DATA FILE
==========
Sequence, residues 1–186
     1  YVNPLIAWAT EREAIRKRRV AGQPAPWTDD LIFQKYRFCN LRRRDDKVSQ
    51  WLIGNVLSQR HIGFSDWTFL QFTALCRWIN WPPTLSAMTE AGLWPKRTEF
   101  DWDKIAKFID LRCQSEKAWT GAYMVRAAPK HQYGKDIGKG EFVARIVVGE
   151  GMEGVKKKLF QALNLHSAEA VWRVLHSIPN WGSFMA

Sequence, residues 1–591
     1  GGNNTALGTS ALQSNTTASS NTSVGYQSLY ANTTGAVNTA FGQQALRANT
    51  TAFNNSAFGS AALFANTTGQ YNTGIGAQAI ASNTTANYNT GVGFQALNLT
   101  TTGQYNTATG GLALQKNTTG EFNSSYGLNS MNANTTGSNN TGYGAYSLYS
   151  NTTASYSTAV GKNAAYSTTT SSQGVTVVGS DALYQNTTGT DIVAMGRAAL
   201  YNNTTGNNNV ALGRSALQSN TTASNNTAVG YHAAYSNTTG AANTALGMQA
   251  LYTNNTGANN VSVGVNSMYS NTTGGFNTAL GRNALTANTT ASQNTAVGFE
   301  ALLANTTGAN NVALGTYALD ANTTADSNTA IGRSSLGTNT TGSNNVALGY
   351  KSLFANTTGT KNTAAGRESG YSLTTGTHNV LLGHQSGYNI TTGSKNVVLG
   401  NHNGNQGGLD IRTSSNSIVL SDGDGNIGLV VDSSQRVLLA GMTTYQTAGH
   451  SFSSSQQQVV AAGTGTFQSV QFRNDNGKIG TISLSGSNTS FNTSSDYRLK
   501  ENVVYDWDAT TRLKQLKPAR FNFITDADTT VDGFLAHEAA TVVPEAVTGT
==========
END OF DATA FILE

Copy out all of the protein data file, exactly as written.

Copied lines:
Sequence, residues 1–186
     1  YVNPLIAWAT EREAIRKRRV AGQPAPWTDD LIFQKYRFCN LRRRDDKVSQ
    51  WLIGNVLSQR HIGFSDWTFL QFTALCRWIN WPPTLSAMTE AGLWPKRTEF
   101  DWDKIAKFID LRCQSEKAWT GAYMVRAAPK HQYGKDIGKG EFVARIVVGE
   151  GMEGVKKKLF QALNLHSAEA VWRVLHSIPN WGSFMA

Sequence, residues 1–591
     1  GGNNTALGTS ALQSNTTASS NTSVGYQSLY ANTTGAVNTA FGQQALRANT
    51  TAFNNSAFGS AALFANTTGQ YNTGIGAQAI ASNTTANYNT GVGFQALNLT
   101  TTGQYNTATG GLALQKNTTG EFNSSYGLNS MNANTTGSNN TGYGAYSLYS
   151  NTTASYSTAV GKNAAYSTTT SSQGVTVVGS DALYQNTTGT DIVAMGRAAL
   201  YNNTTGNNNV ALGRSALQSN TTASNNTAVG YHAAYSNTTG AANTALGMQA
   251  LYTNNTGANN VSVGVNSMYS NTTGGFNTAL GRNALTANTT ASQNTAVGFE
   301  ALLANTTGAN NVALGTYALD ANTTADSNTA IGRSSLGTNT TGSNNVALGY
   351  KSLFANTTGT KNTAAGRESG YSLTTGTHNV LLGHQSGYNI TTGSKNVVLG
   401  NHNGNQGGLD IRTSSNSIVL SDGDGNIGLV VDSSQRVLLA GMTTYQTAGH
   451  SFSSSQQQVV AAGTGTFQSV QFRNDNGKIG TISLSGSNTS FNTSSDYRLK
   501  ENVVYDWDAT TRLKQLKPAR FNFITDADTT VDGFLAHEAA TVVPEAVTGT